William Tarpeh, Chemical Engineering, Juan Santiago and Xiaolin Zheng, Mechanical Engineering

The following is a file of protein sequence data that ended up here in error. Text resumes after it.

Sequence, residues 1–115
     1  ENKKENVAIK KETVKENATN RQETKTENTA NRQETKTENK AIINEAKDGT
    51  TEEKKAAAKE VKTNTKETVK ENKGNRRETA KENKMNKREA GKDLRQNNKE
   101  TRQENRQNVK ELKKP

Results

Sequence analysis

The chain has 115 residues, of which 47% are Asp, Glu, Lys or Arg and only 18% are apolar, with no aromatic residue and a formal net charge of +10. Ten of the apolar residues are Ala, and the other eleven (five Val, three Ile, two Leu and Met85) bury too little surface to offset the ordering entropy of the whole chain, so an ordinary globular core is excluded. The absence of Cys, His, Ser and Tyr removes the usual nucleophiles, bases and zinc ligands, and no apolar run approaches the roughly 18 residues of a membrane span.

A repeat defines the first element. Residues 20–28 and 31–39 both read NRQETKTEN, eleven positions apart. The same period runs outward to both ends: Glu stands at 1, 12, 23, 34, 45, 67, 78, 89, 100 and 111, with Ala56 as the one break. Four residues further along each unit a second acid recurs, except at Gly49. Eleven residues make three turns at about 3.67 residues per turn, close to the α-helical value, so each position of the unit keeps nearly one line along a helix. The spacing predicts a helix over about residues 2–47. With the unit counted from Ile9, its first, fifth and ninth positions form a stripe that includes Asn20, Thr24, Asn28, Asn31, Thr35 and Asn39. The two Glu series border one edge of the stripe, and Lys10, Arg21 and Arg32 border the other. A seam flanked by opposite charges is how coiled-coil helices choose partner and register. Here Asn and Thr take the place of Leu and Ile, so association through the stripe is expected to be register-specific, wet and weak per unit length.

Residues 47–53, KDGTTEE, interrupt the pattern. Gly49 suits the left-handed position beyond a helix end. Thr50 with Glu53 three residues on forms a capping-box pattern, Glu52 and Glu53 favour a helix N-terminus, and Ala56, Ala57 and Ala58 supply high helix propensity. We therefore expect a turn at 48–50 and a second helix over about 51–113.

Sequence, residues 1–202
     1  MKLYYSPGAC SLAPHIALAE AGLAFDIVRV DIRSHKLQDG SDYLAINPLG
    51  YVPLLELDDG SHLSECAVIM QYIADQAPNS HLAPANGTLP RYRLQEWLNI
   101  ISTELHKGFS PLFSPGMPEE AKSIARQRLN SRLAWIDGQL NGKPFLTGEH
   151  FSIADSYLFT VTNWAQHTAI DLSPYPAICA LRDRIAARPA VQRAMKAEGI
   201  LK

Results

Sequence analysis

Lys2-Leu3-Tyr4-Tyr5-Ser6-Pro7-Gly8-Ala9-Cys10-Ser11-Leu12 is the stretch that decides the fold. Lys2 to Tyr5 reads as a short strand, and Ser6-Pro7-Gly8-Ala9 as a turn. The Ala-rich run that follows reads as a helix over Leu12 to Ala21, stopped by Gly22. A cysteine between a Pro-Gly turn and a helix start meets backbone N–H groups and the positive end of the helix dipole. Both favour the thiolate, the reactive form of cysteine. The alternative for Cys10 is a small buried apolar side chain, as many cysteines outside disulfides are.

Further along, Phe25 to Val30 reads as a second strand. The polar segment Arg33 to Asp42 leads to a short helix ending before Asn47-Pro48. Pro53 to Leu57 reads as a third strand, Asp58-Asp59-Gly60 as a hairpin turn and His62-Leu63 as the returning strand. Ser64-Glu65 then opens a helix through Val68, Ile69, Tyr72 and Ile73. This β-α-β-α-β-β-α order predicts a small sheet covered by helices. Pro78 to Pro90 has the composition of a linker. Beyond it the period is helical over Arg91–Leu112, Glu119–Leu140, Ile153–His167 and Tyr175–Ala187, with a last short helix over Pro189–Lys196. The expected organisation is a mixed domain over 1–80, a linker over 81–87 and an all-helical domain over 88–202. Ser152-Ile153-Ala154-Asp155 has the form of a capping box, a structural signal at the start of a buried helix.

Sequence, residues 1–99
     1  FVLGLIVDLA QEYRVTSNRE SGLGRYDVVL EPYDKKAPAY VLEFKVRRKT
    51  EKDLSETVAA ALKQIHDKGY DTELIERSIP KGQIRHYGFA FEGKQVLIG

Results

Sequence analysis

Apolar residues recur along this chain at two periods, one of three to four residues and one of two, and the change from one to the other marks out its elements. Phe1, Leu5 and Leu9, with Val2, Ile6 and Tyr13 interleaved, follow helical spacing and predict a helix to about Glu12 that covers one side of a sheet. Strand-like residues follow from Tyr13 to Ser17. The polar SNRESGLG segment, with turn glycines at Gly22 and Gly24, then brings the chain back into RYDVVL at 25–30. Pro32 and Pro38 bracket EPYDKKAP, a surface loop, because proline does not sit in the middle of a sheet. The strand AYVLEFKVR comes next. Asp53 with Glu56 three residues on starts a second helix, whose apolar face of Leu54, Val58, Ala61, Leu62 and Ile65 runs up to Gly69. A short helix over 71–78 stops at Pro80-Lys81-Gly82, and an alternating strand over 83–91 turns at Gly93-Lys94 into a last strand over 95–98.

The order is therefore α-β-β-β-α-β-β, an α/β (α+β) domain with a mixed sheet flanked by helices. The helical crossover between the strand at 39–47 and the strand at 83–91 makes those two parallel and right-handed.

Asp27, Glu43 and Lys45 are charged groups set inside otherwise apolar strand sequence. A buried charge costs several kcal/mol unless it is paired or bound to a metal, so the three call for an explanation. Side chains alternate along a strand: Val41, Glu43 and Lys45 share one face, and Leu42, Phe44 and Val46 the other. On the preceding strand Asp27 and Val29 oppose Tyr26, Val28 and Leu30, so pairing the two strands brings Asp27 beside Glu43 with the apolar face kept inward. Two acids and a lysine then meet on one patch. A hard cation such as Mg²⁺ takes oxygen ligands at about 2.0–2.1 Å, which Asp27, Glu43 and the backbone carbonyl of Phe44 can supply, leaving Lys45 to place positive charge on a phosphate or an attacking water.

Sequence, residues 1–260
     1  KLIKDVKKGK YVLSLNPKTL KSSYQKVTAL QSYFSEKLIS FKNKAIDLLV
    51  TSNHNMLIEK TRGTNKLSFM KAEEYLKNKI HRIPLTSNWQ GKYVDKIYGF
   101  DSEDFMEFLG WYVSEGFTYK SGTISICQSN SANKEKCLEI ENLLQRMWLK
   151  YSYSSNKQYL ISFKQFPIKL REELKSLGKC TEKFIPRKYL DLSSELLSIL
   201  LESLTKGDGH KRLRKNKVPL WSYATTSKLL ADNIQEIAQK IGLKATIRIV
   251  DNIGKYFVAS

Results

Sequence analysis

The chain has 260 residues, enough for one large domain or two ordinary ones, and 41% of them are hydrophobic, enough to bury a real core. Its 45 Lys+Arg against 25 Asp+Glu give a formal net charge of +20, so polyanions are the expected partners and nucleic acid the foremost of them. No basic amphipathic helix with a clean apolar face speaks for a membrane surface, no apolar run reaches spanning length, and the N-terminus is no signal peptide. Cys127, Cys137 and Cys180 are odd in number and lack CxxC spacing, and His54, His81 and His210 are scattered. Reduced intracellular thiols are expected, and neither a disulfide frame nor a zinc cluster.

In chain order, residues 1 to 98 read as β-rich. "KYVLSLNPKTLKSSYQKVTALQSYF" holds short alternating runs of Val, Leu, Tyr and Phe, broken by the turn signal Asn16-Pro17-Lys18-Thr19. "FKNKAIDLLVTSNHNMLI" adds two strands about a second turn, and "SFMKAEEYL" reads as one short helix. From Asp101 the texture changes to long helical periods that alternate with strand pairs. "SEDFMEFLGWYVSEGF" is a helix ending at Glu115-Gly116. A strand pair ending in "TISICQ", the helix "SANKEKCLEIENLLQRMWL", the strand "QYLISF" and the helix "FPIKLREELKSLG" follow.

As energy, food, and water resources become increasingly constrained, viewing these three systems holistically uncovers disruptive optimization opportunities. Energy production requires water; water consumes energy for transport and treatment, including removing fertilizer-derived nutrients (e.g., nitrogen, phosphorus); and agriculture comprises the majority of water withdrawals and considerable transport for irrigation water. Our long-term vision is to design and build situationally optimized energy-efficient, modular water treatment systems for agriculture. A key challenge for achieving this vision is the lack of analytical tools to compare economics and efficiencies of existing and future water treatment systems, hindering the selection of best approaches for optimizing water and energy use. To overcome this challenge, we plan to design the first open-source, unit-process modeling tool for analyzing agricultural water treatment as flows of cost, mass, and energy. This tool will be further validated with three novel electrochemical treatment technologies for fertilizer production, desalination, and disinfectant production. If successful, we will establish capabilities and metrics for different water treatment systems; stimulate follow-on funding from diverse entities interested in the food-energy-water nexus; and expand Stanford’s expertise in agricultural water treatment.